However, the values of the V parameter to CheckedHashMap are, in all likelihood, not accessed by the CheckedHashMap destructor. If that is the case, then it should be sound to instantiate V with a type that contains references to other parts of the map (e.g., references to the keys or to other values in the map). However, we cannot express this today: There is no way to say that the CheckedHashMap will not access borrowed data that is behind just V.

Example: Vec<T, A:Allocator=DefaultAllocator>

The Rust developers have been talking for a long time about adding an Allocator trait that would allow users to override the allocator used for the backing storage of collection types like Vec and HashMap.

For example, we would like to generalize the RawVec given above as follows:

#[unsafe_no_drop_flag]
pub struct RawVec<T, A:Allocator=DefaultAllocator> {
    ptr: Unique<T>,
    cap: usize,
    alloc: A,
}

impl<T, A:Allocator> Drop for RawVec<T, A> {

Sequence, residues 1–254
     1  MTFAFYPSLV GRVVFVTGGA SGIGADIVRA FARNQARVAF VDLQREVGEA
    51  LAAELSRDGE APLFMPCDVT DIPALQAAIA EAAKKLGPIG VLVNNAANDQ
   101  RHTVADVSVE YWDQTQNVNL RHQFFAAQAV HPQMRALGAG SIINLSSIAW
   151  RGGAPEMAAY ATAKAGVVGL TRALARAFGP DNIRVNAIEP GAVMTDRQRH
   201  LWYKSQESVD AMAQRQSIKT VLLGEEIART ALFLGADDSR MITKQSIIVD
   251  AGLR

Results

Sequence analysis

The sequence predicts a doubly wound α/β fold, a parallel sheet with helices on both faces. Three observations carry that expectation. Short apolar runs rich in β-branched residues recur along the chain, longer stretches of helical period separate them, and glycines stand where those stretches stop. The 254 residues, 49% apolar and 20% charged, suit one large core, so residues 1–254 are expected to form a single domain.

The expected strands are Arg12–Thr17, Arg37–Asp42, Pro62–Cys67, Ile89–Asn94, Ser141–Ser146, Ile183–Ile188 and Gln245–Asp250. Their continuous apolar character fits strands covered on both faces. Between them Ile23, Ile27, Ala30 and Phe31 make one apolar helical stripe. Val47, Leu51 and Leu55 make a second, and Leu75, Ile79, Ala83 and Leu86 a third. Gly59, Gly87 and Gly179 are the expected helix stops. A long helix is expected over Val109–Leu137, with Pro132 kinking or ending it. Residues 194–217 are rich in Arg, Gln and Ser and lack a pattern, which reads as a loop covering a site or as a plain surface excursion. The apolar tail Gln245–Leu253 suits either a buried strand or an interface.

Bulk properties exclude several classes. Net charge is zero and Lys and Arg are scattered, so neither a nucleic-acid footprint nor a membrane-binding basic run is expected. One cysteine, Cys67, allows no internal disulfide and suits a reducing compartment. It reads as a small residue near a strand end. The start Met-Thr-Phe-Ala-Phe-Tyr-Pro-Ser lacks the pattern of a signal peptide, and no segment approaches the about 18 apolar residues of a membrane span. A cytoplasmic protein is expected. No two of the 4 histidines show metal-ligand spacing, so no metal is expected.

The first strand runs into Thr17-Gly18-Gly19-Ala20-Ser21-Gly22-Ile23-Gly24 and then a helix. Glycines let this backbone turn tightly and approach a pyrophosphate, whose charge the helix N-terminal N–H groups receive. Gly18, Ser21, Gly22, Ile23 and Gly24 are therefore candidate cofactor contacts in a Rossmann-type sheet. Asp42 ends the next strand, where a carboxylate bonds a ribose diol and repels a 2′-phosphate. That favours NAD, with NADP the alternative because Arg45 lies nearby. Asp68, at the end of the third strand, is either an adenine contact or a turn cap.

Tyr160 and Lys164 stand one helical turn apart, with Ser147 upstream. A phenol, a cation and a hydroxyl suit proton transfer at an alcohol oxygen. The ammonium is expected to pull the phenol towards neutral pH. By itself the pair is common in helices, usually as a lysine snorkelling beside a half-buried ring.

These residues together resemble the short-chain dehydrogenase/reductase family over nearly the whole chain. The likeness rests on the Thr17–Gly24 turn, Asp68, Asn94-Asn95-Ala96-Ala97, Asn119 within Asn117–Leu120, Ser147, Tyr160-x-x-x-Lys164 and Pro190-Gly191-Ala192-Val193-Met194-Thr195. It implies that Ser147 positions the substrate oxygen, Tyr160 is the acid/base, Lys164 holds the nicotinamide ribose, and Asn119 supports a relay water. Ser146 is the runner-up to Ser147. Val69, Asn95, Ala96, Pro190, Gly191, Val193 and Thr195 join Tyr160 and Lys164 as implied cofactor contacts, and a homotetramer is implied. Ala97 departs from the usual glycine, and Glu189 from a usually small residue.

#[should_we_put_ugeh_attribute_here_or_not(???)]
    /// Frees the memory owned by the RawVec *without* trying to Drop its contents.
    fn drop(&mut self) {
        [... free memory using self.alloc ...]
    }
}

However, we cannot soundly add an allocator parameter to a collection that today uses the unsafe_destructor_blind_to_params UGEH attribute in the destructor that deallocates, because that blunt instrument would allow someone to write this:

// (`ArenaAllocator`, when dropped, automatically frees its allocated blocks)

// (Usual pattern for assigning same extent to `v` and `a`.)
let (v, a): (Vec<Stuff, &ArenaAllocator>, ArenaAllocator);

a = ArenaAllocator::new();
v = Vec::with_allocator(&a);

... v.push(stuff) ...

// at end of scope, `a` may be dropped before `v`, invalidating
// soundness of subsequent invocation of destructor for `v` (because
// that would try to free buffer of `v` via `v.buf.alloc` (== `&a`)).

The only way today to disallow the above unsound code would be to remove unsafe_destructor_blind_to_params from RawVec/ Vec, which would break other code (for example, code using Vec as the backing storage for cyclic graph structures).

Detailed design

First off: The proposal in this RFC is intended as a temporary solution (along the lines of #[fundamental] and will not be stabilized as-is. Instead, we anticipate a more comprehensive approach to be proposed in a follow-up RFC.

Having said that, here is the proposed short-term solution: